The Power of Positive for Hospital Marketers

Encouraging positive dialog about your brand on social media

Social media usage by gender is just about neck and neck. Men slightly over-index on LinkedIn, but the opposite is true on Facebook and Instagram. The stats are just about even on Twitter. But there are distinct differences in social media use by gender, and these represent a big opportunity for hospital marketers.

Research published by Facebook noted that women are more likely to share personal topics, while men tend to focus on current events. Another study analyzed vocabulary across millions of Facebook posts and concluded that women’s posts tend to center around friends and family and to use friendlier, more compassionate language.

Couple those findings with these statistics:

My point: Women are engaged in an ongoing healthcare dialog on social media that’s influencing healthcare decisions. What can you do to extend the impact of positive experiences women share about your brand? How can you encourage more brand connections on social media? Here are a few thoughts.

  • Begin with the end in mind. If you’re successful in generating positive social buzz for your hospital, what strategic priorities do you want that buzz to reinforce? In what ways can you measure your success? Answering these questions will help you focus on the activity that will be most meaningful and measurable.
  • When in doubt, always chose storytelling. Not all content is equal. Be sure to monitor and analyze impressions by content category (e.g., campaign, event, organizational) so you’re posting and boosting content your fans and followers gravitate to. Regardless of content type, employ a storytelling Posts that feature authentic personal stories elicit more personal comments. It’s these emotional connections that build relationships and preference for your brand.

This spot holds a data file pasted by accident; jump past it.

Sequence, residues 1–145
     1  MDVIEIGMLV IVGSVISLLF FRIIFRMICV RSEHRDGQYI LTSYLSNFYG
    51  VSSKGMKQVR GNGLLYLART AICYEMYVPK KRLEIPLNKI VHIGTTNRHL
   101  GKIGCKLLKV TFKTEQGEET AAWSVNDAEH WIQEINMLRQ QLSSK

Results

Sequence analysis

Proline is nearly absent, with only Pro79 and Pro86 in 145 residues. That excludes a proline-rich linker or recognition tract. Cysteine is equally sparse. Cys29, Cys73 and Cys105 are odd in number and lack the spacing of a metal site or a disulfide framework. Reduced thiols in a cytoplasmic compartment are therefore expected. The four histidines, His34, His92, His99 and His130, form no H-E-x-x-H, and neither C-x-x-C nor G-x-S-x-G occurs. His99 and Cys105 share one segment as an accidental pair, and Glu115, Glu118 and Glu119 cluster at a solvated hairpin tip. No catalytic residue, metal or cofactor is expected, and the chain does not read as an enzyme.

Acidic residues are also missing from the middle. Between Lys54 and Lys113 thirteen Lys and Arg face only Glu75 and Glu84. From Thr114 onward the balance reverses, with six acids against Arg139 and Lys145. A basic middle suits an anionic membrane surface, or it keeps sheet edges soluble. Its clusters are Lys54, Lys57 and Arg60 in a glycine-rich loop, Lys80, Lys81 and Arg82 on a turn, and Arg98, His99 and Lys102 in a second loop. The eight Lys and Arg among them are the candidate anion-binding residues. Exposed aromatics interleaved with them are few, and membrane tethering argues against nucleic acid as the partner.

• Be conversational. Recently, I noticed a comment on a hospital system’s post about a treatment. The comment was from a woman who experienced the treatment in a different city. She noted treatment side effects and told readers to ask about potential risks. Unfortunately, the hospital’s response read like it was written by an attorney. It was a missed opportunity for the brand to contribute to and extend the dialog in a more meaningful way. They could’ve responded like this: “We’re sorry that happened. We agree that talking to your doctor about risks and benefits is always good. Maybe there’s a way to balance those side effects. Call our physician group if you’d like to schedule time to discuss.” With this response, they might’ve gained a new patient and been more on brand.
Kathy Selker
I’m Kathy Selker. My work as CEO of Northlich, a Cincinnati-based healthcare marketing agency, has taught me a great deal about how hospitals and health systems can best connect with women to make the most positive impact in their lives.

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